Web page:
Bridging the Fragmented Landscape of Agricultural Technologies

November 23, 2023

By Alon Ascher

Alon Ascher, Chief Business Officer of Bluewhite, leveraged over 15 years of management experience in autonomous, robotics, and software technologies at the Israeli Air Force and startups. Alon brings intensive expertise in leading business, GTM, operation, and product strategy. Alon is leading Bluewhite’s business teams – business development, sales, marketing, and customer success. Alon holds an ME in system engineering from Technion (Israel) and a BA in Information Systems from BGU (Israel).  Prior to Bluewhite, Alon founded an AI software startup, served as a technology consultant to Israel’s minister of transport, and served 13 years in the Israeli Air Force, as an Apache pilot and R&D program manager.

Modern agriculture is no stranger to innovation. For the last two decades, the agricultural market has seen a technological revolution, poised to redefine the way we produce and consume food. From precision farming to automated irrigation systems, the industry has witnessed a surge in advanced technologies designed to enhance productivity and sustainability. Yet, this promising landscape is marred by fragmentation – a phenomenon where different technological solutions exist in isolation, without seamless integration or coordination, limiting the innovation’s full potential. I see the urging need for connectivity and collaboration among different solutions, robotics, and data platforms, especially in the transformative role autonomous robots have in high-value crops

So, why do we see this fragmentation? First, the agricultural technology market is complex and diverse, supporting different crops, geographies, and needs – requiring vendors to offer specialized solutions. While this diversity fuels innovation, it also leads to disjointed systems that struggle to communicate effectively with each other. Building a solution that is rolled out as specific niches, such as precision planting or yield monitoring for a specific crop, hinders the creation of a comprehensive and integrated agricultural system. In addition, the absence of standardized protocols and interfaces prevents interoperability between technologies. As a result, data collected by one system may remain trapped, unable to contribute to a holistic understanding of the farming ecosystem.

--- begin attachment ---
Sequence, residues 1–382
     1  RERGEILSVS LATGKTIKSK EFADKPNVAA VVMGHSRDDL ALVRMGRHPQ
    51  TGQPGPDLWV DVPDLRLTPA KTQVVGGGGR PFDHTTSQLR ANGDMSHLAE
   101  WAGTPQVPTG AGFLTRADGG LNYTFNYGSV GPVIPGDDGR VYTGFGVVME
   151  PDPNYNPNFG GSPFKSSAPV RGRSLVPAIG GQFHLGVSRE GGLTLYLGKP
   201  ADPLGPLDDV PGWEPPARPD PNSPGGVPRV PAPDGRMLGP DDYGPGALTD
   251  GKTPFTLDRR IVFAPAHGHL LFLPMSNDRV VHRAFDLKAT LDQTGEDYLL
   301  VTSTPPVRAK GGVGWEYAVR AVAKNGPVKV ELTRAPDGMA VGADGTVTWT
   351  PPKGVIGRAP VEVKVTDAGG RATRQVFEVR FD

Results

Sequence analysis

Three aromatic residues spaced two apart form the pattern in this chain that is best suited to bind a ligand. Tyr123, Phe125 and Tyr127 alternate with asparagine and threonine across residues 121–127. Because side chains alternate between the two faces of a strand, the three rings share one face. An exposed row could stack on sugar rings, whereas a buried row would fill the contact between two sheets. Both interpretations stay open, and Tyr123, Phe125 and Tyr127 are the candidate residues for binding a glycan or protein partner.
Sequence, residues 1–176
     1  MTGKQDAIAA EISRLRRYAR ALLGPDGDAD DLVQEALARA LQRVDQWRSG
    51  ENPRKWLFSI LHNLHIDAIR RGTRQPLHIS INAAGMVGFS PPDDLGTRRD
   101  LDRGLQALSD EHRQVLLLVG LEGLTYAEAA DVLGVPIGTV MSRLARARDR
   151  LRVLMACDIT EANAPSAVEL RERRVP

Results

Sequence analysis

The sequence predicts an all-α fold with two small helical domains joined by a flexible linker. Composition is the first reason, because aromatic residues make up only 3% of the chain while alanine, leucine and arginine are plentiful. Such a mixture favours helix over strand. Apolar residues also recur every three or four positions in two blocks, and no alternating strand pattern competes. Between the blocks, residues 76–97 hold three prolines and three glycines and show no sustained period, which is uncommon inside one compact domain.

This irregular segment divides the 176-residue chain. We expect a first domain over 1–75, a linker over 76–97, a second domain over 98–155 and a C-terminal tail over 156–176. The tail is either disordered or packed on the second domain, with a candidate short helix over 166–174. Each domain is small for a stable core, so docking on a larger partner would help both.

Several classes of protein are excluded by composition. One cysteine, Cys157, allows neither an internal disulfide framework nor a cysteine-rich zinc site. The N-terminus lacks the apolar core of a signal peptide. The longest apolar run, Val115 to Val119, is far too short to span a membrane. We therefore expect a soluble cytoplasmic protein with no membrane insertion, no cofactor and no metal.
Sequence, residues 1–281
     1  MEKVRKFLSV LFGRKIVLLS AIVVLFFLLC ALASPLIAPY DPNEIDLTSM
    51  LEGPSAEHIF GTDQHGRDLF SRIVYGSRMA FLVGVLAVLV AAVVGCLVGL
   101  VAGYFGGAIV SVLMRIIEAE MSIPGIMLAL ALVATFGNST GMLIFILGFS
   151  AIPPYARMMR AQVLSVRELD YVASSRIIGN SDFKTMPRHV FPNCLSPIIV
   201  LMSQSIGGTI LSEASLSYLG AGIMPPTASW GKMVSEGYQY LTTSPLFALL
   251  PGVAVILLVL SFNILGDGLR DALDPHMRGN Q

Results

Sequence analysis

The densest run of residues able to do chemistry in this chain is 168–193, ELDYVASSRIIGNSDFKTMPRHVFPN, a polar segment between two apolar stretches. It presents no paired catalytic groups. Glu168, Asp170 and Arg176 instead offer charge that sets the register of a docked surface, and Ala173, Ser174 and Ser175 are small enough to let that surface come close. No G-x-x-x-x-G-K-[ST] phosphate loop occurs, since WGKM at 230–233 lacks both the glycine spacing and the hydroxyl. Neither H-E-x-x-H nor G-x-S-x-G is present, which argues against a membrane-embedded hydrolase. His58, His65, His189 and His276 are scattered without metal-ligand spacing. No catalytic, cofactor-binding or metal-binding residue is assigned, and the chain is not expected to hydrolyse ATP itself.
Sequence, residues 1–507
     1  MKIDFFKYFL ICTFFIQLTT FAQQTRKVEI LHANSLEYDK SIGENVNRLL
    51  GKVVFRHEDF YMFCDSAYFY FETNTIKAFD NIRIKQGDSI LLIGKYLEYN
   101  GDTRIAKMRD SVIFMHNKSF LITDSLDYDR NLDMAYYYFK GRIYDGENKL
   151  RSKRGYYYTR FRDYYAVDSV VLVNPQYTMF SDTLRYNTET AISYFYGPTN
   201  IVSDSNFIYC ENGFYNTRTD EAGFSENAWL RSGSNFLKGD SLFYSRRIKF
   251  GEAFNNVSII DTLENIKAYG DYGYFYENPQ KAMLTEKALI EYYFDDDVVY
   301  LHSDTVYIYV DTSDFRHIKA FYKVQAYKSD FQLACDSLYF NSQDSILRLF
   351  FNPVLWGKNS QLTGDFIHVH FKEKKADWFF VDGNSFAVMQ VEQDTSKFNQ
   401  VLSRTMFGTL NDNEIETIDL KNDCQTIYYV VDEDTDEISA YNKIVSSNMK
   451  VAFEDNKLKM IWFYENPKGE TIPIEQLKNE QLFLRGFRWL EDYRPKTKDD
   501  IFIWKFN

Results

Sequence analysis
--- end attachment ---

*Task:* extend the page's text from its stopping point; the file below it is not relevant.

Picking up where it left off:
Now, why this connectively is impotent? A connected agricultural ecosystem allows for real-time data sharing between various technologies. This data-driven approach empowers farmers to make better-informed decisions, optimizing resource allocation and crop management. The collaboration between robotics and data analytics can lead to smarter resource utilization at lower ‘insight cost’. If one service implementation can cover most of the cost to generate the other service – we get expansion returns. For example, an autonomous tractor mowing the field can detect irrigation leaks while executing its job. Interconnected systems can automatically adjust irrigation levels based on this information, reducing water waste and cost – without the need to send specific irrigation teams across the farm. Although these are two different technologies serving different purposes, the integration offers higher efficiency and better holistic management of the farm.

I see autonomous robots as a transformative opportunity for 21st-century farming. While autonomous robots spraying, mowing, discing, and more through orchards and vineyards, dozens of times a year, they are collecting intricate data about plant health, growth patterns, and environmental conditions. Leveraging their onboard sensors, computing, and communication, and even utilizing them as an LTE relay to additional farm sensors, make datasets far more accessible. These new and unique datasets provide invaluable insights that were previously inaccessible. By pinpointing precise areas requiring attention, resources are allocated efficiently, reducing waste and optimizing production. The availability of plant-based data opens doors to new innovative services. Machine learning algorithms can analyze the data to predict disease outbreaks, optimize pruning techniques, and even suggest personalized care strategies for each plant. As farms evolve from offline business to online data-driven ones, they face the huge potential for innovation as we see in other ‘traditional’ markets like logistics, construction, or mobility.  Besides improving agronomist, yield and operation efficiency, new insurances, equipment lease and service programs, employee training, asset management, crop marketing, and farm logistics, can also transform end to end.

The fragmented state of agricultural technologies presents both challenges and opportunities. By recognizing the imperatives of connectivity and collaboration, and by embracing the transformative potential of autonomous robots, we can transcend these challenges and pave the way for a unified and technologically empowered agricultural landscape. The fusion of different vendors, robotics, and data, along with the game-changing role of autonomous robots, holds the promise of revolutionizing how we produce food. It ensures sustainability, resource efficiency, increased yields, and the birth of innovative, data-driven services. Most importantly, it will improve growers’ peace of mind and bottom line.